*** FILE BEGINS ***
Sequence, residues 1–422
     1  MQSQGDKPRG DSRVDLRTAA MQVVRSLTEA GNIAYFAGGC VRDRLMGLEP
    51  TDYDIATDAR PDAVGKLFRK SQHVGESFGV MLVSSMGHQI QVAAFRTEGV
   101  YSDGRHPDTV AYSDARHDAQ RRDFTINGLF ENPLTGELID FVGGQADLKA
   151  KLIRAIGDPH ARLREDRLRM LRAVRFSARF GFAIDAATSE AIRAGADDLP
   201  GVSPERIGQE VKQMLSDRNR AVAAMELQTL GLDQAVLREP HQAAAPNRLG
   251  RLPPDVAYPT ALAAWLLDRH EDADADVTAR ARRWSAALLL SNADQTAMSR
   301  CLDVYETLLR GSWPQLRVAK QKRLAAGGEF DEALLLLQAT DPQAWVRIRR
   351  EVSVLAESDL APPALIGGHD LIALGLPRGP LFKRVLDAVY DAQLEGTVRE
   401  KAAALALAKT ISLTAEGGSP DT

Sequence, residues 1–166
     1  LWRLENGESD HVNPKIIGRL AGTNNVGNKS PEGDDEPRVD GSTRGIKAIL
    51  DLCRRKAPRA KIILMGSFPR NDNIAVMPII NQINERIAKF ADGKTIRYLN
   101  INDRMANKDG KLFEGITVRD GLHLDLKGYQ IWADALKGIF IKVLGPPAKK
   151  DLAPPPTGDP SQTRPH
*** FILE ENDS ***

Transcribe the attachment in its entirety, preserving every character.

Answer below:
Sequence, residues 1–422
     1  MQSQGDKPRG DSRVDLRTAA MQVVRSLTEA GNIAYFAGGC VRDRLMGLEP
    51  TDYDIATDAR PDAVGKLFRK SQHVGESFGV MLVSSMGHQI QVAAFRTEGV
   101  YSDGRHPDTV AYSDARHDAQ RRDFTINGLF ENPLTGELID FVGGQADLKA
   151  KLIRAIGDPH ARLREDRLRM LRAVRFSARF GFAIDAATSE AIRAGADDLP
   201  GVSPERIGQE VKQMLSDRNR AVAAMELQTL GLDQAVLREP HQAAAPNRLG
   251  RLPPDVAYPT ALAAWLLDRH EDADADVTAR ARRWSAALLL SNADQTAMSR
   301  CLDVYETLLR GSWPQLRVAK QKRLAAGGEF DEALLLLQAT DPQAWVRIRR
   351  EVSVLAESDL APPALIGGHD LIALGLPRGP LFKRVLDAVY DAQLEGTVRE
   401  KAAALALAKT ISLTAEGGSP DT

Sequence, residues 1–166
     1  LWRLENGESD HVNPKIIGRL AGTNNVGNKS PEGDDEPRVD GSTRGIKAIL
    51  DLCRRKAPRA KIILMGSFPR NDNIAVMPII NQINERIAKF ADGKTIRYLN
   101  INDRMANKDG KLFEGITVRD GLHLDLKGYQ IWADALKGIF IKVLGPPAKK
   151  DLAPPPTGDP SQTRPH